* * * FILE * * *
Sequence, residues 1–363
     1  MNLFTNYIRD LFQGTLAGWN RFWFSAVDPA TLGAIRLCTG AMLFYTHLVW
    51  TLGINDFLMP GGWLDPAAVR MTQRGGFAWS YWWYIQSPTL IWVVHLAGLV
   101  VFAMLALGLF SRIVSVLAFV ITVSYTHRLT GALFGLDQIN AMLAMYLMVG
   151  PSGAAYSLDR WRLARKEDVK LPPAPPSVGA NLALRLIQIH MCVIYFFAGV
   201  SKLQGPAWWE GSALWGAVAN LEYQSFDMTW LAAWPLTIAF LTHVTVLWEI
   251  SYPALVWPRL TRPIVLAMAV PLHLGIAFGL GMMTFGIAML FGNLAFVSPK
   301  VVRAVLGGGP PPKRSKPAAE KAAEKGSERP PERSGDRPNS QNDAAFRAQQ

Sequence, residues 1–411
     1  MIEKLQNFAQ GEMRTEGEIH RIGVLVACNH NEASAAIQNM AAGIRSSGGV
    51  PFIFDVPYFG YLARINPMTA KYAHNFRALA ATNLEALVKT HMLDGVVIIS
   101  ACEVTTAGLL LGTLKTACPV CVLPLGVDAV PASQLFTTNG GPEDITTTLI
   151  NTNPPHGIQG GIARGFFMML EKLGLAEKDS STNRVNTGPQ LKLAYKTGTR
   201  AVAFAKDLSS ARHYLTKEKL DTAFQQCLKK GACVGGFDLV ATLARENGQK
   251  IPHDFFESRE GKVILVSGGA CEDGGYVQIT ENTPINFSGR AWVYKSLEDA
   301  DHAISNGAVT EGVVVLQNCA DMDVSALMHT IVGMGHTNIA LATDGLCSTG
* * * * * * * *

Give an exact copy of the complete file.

Sequence, residues 1–363
     1  MNLFTNYIRD LFQGTLAGWN RFWFSAVDPA TLGAIRLCTG AMLFYTHLVW
    51  TLGINDFLMP GGWLDPAAVR MTQRGGFAWS YWWYIQSPTL IWVVHLAGLV
   101  VFAMLALGLF SRIVSVLAFV ITVSYTHRLT GALFGLDQIN AMLAMYLMVG
   151  PSGAAYSLDR WRLARKEDVK LPPAPPSVGA NLALRLIQIH MCVIYFFAGV
   201  SKLQGPAWWE GSALWGAVAN LEYQSFDMTW LAAWPLTIAF LTHVTVLWEI
   251  SYPALVWPRL TRPIVLAMAV PLHLGIAFGL GMMTFGIAML FGNLAFVSPK
   301  VVRAVLGGGP PPKRSKPAAE KAAEKGSERP PERSGDRPNS QNDAAFRAQQ

Sequence, residues 1–411
     1  MIEKLQNFAQ GEMRTEGEIH RIGVLVACNH NEASAAIQNM AAGIRSSGGV
    51  PFIFDVPYFG YLARINPMTA KYAHNFRALA ATNLEALVKT HMLDGVVIIS
   101  ACEVTTAGLL LGTLKTACPV CVLPLGVDAV PASQLFTTNG GPEDITTTLI
   151  NTNPPHGIQG GIARGFFMML EKLGLAEKDS STNRVNTGPQ LKLAYKTGTR
   201  AVAFAKDLSS ARHYLTKEKL DTAFQQCLKK GACVGGFDLV ATLARENGQK
   251  IPHDFFESRE GKVILVSGGA CEDGGYVQIT ENTPINFSGR AWVYKSLEDA
   301  DHAISNGAVT EGVVVLQNCA DMDVSALMHT IVGMGHTNIA LATDGLCSTG